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The Archaeologist

by Camille Gazoul

Only to a few will it matter that the smell of the dirt reminds you of the beach. That wet soil smell of sandy toes in a body of seaweed tainted lake water. Now it is dried up—hundreds of years ago—but, you guess, the smell was trapped beneath layers of clay.

Clay in the heat smells musty, like dust, or humid attics in July. It bakes like clay should bake in the hot sun, it sizzles. 

The tool given to you, which at first felt clunky and over large in your fresh blistered hand now feels right, balanced in the grooves of your dusty calloused fingers. It is hot from being left in the sun as you crawl, crab-like, backwards dragging the collected ancient dust in a bucket. 

Today you take the bones out. You spent so long unearthing them. Tracing the slender orange lines with a paint brush— scraping the hot earth with your tools. It was painstaking, careful work. 

Your hair is heated to straw, eyes burning from the dusty wind, lips and arms drying out from the elements, despite the sweat. 

The dust is everywhere, between the wrinkles of your knuckles, in the whorls of your ear, thrown on your now darkened skin like a patchy reminder of the paler winter months. 

You know you’re inhaling it because when you get back and pick the dried scabs of snot from your nose it is brown like the dust. 

Your knees have ached since the first day, from the constantly clenched position the bones require. The bones—at first just specks of different colored something, maybe, is it? Now more familiar than your own toes. God damn bones— back breaking mind tricking, is it a rock? Is it a bone? Or is it all dust either way the second you pick it up, so what does it matter? Damn these bones, because at first just a speck— when done well, when done with focus— the beautiful kind of focus you love when the sounds outside your ears go away and the static inside your head starts to go absolutely silent. Even more beautiful when the focus makes beautiful whatever the task may be— in this case the dust. With every scape and brush and spritz of water—and with every twist and ache of your own bones you come closer to these bones— slowly emerging as if on their own fruition— with nothing to do with your scraping. As if that was side work and the bones came when they were ready. They appeared one by one and suddenly one day you had a skeleton. And you celebrate your work that seemed fruitless and you thank the thankless job and you have the beer. 

But then you see them again, all at once now, all in articulation. And now the bones are a body and the body is in your brain and you’ve memorized every inch and agonized over every node and notch. And you’ve fallen in love with the curve of the leg and the hollow of its ribs and the gentle sweep of its spine and the innocent non-face of the crater skull. And you feel like an intruder— like you’ve woken up something pure and clean and silent and forced it into a dusty world of wind and words and scraping and it didn’t—couldn’t stop you. And it’s awake out of its time in a new place that doesn’t feel holy because you’re kneeling in destruction, not in prayer.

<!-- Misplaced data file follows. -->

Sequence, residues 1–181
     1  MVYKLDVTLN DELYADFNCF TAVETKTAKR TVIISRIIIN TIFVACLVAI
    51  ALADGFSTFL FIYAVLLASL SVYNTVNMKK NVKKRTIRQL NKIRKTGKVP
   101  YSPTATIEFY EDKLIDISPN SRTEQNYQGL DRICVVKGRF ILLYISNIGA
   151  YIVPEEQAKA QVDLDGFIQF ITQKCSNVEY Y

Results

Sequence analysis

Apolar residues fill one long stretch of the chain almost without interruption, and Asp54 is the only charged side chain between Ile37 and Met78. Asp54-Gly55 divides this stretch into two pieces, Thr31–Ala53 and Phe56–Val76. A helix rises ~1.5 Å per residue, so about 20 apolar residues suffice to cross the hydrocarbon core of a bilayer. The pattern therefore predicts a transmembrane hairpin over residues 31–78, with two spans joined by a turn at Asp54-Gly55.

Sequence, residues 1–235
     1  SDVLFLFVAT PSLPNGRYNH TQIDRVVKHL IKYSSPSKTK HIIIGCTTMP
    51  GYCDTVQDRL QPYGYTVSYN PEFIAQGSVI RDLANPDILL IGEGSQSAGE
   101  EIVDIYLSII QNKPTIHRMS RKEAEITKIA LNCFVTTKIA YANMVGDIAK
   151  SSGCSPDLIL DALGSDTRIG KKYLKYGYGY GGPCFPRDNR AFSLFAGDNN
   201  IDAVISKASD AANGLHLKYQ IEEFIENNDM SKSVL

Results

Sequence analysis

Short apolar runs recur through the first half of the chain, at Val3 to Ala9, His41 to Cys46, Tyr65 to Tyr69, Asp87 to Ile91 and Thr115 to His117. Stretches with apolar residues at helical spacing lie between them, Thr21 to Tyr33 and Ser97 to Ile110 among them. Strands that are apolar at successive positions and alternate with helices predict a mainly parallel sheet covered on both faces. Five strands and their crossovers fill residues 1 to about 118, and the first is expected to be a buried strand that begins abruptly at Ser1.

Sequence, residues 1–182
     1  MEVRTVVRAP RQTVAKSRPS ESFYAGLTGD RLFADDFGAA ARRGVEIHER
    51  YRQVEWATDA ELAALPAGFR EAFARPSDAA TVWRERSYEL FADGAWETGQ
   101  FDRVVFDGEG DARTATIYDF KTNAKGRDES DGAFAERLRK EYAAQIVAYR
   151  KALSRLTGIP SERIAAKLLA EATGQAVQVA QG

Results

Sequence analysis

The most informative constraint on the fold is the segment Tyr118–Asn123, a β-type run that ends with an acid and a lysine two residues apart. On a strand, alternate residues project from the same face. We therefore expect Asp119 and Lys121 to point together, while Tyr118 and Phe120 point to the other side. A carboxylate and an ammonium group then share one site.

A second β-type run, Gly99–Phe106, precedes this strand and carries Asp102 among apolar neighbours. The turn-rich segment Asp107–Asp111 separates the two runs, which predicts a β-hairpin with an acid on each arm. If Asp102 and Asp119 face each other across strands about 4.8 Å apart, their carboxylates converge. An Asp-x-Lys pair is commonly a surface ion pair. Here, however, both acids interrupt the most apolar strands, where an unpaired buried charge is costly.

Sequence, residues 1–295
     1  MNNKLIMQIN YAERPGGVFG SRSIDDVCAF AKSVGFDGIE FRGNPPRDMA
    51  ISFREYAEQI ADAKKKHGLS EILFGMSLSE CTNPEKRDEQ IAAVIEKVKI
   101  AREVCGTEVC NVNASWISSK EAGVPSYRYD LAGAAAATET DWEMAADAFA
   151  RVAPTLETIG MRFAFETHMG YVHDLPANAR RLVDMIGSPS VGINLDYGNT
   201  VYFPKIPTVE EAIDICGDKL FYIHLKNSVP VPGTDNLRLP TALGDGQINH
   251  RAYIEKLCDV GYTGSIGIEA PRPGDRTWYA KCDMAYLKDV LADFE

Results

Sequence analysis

And the body calls you in the dark of night and in the clouds you see pelvis and patella and mandible and you can’t feel good that not only did you expose it to this world but now you are going to take it into it—take it out of its home of six hundred years and into a sterile lab where nothing is holy. 

You painstakingly scrape the edges and the body drinks up the water and it smells like the beach and the mud sticks to you like the dust never did and your hands crack with their mud-cake-mask and one by one as they appear, the bones—you take them away. You take them away from each other after 600 something years of attachment. 

Your hands, 21 and arrogant, remove them from their soil of choice and place them on cloud colored cloths, fluffy and clean. 

And you wrap them. You wrap them in the cloths so gentle— so careful with an ache in your stomach. And you swaddle these dark bones with their nebulous-spiderweb, honeycomb insides, like a baby. Like a diaper on a baby, and you tape it’s name to the front carefully, slowly, with a gentle light hand, never meaning to harm. And you place these soft bundles in a plastic bag and you heft it into your arms.

And you feel him. 

You feel the weight—this man— this body—you feel him in your arms and you carry him like a baby. You cradle him and you walk— just now realizing the uneven, treacherous terrain. You carry him away from his place, from his home. And you cradle him to your chest and lay him in the box like it’s a crib and you don’t say goodnight and you don’t leave a light on just in case. You walk away and you feel weird, and you feel empty without the weight.

You have the beer and think about it. You are the last witness to this grave— to this person who may not have been a man— but is now only bones. Bones that no one but you touched. 

Even in life this body, how close could one get to it? But you touched it’s bones, no one has felt your bones, no one has seen your skeleton. No one ever will. You are the last one who saw him whole—and now— it is numbers and data in a system whose rules of destruction give light only to a few. Only to a few does it matter. 

About the Author

Camille Gazoul is a writer born in raised just outside of Detroit, Michigan. She majored in Anthropology and minored in Creative Writing at the University of Michigan. She currently lives in Austin, Texas.

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